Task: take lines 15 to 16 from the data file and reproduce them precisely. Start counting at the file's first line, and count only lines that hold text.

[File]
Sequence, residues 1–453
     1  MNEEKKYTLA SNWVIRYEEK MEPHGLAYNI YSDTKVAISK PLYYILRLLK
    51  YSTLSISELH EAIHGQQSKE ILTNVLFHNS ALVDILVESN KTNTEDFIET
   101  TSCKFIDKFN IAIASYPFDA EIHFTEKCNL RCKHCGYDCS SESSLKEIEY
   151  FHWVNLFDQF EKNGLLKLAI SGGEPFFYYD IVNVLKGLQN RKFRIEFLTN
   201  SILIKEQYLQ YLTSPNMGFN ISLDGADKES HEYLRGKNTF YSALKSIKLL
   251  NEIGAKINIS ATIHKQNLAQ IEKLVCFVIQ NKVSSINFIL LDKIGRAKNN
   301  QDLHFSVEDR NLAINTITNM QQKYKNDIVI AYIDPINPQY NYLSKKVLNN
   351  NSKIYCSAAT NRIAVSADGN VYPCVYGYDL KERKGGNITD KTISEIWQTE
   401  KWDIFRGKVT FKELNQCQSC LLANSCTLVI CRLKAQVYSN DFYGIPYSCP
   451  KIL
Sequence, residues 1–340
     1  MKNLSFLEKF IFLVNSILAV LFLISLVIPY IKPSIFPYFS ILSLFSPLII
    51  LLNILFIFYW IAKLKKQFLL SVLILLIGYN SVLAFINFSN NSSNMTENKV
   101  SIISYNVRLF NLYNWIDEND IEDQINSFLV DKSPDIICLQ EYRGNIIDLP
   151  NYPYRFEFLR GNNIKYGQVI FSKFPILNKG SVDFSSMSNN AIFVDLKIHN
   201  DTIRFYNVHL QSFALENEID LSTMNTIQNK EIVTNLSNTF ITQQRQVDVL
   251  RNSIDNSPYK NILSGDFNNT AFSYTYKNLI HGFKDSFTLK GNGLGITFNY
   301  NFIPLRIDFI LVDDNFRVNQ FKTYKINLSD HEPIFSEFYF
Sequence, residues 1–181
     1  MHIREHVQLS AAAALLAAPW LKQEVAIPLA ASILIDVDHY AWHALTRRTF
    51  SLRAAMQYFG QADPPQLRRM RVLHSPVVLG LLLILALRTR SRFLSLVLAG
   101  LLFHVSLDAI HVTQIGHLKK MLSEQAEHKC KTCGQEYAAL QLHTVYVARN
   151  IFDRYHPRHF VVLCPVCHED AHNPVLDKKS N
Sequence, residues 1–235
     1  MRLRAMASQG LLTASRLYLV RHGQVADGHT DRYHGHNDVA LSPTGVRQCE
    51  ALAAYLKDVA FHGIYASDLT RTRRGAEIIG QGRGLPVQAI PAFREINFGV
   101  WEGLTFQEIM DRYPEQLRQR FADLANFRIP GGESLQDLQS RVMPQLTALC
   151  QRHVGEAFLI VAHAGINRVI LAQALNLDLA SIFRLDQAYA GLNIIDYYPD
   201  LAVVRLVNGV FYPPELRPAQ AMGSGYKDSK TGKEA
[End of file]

   101  SIISYNVRLF NLYNWIDEND IEDQINSFLV DKSPDIICLQ EYRGNIIDLP
   151  NYPYRFEFLR GNNIKYGQVI FSKFPILNKG SVDFSSMSNN AIFVDLKIHN